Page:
To meet his goal of housing as a “human right,” Castro plans to drastically expand a “fully-funded entitlement program” to fund housing vouchers — which only 25% of applicants receive under today’s system.

Increasing the Supply of Housing

For any of these 2020 candidates to implement their plans, they must first defeat President Donald Trump. His administration has a different approach to addressing the cost of housing. In an op-ed to the Washington Post, Carson explained his focus on increasing the housing supply rather than turning to solutions like a renters tax credit, writing:

“For far too long, federal policy has focused solely on helping people through increasing spending on rental assistance. As a doctor, I can tell you: These are the symptoms of a patient who needs a different prescription — one that focuses on the reason housing costs are increasing.”

The Trump administration, under the leadership of Carson, has focused on cutting back bureaucracy and changing zoning laws in hopes that it will increase the amount of available housing.

As IJR previously reported, Carson blamed bureaucracy for many of the problems with affordable housing. He noted that alternative housing options, such as manufactured homes, face more regulation that on-site homes. He also explained that zoning laws can limit the types of homes that are built in some areas, limiting the potential for multi-family housing units.

The Trump administration is attempting to address the issue of affordable housing from the supply side, hoping that more housing will drive down prices. Sen. Elizabeth Warren (D-Mass.) has also proposed increasing the supply of housing, albeit in a less free-market approach.

Warren’s plan would dump $500 billion over 10 years into building affordable housing. Both she and the Trump administration are focused on the supply-side of the affordable housing equation, but Warren’s plan provides for government-funded construction of new housing while Trump’s team hopes the market achieves that goal without taxpayer dollars.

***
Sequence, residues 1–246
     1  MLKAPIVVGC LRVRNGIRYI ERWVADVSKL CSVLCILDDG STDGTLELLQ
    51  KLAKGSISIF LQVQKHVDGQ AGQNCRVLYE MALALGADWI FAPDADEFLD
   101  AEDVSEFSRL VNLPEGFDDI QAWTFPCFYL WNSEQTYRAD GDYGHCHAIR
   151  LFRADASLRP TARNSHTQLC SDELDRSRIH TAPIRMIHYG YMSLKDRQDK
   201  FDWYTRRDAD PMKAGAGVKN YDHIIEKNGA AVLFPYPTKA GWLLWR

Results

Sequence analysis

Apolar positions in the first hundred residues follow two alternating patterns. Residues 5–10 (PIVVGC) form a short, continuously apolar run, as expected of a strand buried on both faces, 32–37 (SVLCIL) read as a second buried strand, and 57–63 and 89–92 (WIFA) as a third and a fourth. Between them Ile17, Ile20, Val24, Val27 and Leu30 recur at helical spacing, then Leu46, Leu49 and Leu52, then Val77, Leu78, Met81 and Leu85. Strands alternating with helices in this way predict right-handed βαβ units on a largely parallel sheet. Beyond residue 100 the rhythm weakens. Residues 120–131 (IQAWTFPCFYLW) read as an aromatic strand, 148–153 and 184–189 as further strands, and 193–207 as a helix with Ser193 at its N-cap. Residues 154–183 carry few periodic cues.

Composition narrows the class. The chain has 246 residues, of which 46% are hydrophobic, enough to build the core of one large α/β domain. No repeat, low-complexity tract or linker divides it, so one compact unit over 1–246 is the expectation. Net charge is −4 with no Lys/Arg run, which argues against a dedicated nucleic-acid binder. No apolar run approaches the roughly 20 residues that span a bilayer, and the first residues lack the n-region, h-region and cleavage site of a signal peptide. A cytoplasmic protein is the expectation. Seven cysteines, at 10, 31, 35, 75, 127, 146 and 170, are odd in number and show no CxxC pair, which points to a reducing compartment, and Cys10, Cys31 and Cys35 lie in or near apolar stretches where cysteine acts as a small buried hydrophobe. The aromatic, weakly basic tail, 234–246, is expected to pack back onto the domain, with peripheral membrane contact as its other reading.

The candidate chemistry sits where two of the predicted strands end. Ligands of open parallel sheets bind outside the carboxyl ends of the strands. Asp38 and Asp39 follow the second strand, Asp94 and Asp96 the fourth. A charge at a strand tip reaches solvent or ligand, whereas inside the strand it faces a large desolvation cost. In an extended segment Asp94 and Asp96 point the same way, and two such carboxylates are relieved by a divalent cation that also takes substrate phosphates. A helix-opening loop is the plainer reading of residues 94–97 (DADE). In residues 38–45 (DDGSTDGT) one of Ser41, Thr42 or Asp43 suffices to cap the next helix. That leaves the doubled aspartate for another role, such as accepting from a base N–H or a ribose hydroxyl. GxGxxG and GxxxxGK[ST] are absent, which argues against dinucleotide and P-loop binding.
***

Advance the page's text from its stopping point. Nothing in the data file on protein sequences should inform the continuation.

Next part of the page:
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General Confusion
Member

“‘The average millennial is spending 45% of their income on rent.’ So go live in a place where the rent is cheaper. Live within your means and stop spending money on thing you cant afford and do not need.” Dave Hardesty Dave is confused about wages, including the minimum wage. Nowhere in the US can anyone earning the minimum wage afford a two-bedroom apartment. Nowhere. People who work are going homeless because they have few options in the choice of having enough money to pay rent AND pay for food for a family AND pay for medical treatment, etc. The… Read more »

Jeffrey Moore
Member

Housing is not a human right! Nothing is a right that requires someone else to do something for you! Rights are unchangeable. If you live in a country of 6 billion people or on a desert island by yourself, your rights are the same. There’s no one to supply your housing or your health care or your food in the middle of the Alaskan wilderness by yourself, so those are not rights. But you still have the right of free speech and the right to keep and bear arms. In addition, according to the Constitution, Congress is not allowed to… Read more »

Tom Bodine
Member

EVERYTHING is free just vote for us.

Nancy Janzen
Guest
Nancy Janzen

Remember the last time Democrats addressed the housing crisis? Their solution created a bigger crisis causing many people to lose their homes including me.

Bad
Guest
Bad

Live within your income, you can’t expect to have your case of beer and your bag of dope and hard working sensible tax payers money too!

Douglas Nash
Member

Moore housing through the private sector. Government can help by reducing regulations and tax incentives!

Screwtape
Member

Remember the Leftist rule #1: Whine and complain because the problem can ONLY be fixed with the monies of others . I’m going to address Kamallama’s proposals because she’s the only one of these losers who standa a chance. Sure, throw money the symptoms and ignore the base problem, i.e. not enough housing or rentals. “Enabling” people to buy more house or rent more than they can afford has already been tried and failed. Remember NINJA or that little crash in 2008? Kamallama’s original proposal was supposed to be for blacks only and as a form of reparations. Someone probably… Read more »

Screwtape
Member

Econ 101. Not enough of something will drive up the price of that something.

Here’s a thought: relax obstructive regulations. Build more housing and STOP telling prospective builders/developers what they can charge.

e.g. Portland is suffering an affordable housing crisis because of massive regulations, the expenses and delays associated with red tape, and landlords are told how much they can charge.

It’s hypocritical that the city council is pushing for high-density housing (with no parking) in all neighborhoods BUT the ones they live in. How convenient for them.